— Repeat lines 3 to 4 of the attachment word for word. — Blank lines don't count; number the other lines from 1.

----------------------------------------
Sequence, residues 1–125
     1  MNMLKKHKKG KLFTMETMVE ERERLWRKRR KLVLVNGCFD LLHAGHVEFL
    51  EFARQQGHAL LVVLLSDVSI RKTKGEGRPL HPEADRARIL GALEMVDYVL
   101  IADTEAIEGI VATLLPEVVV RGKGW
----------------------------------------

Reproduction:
    51  EFARQQGHAL LVVLLSDVSI RKTKGEGRPL HPEADRARIL GALEMVDYVL
   101  IADTEAIEGI VATLLPEVVV RGKGW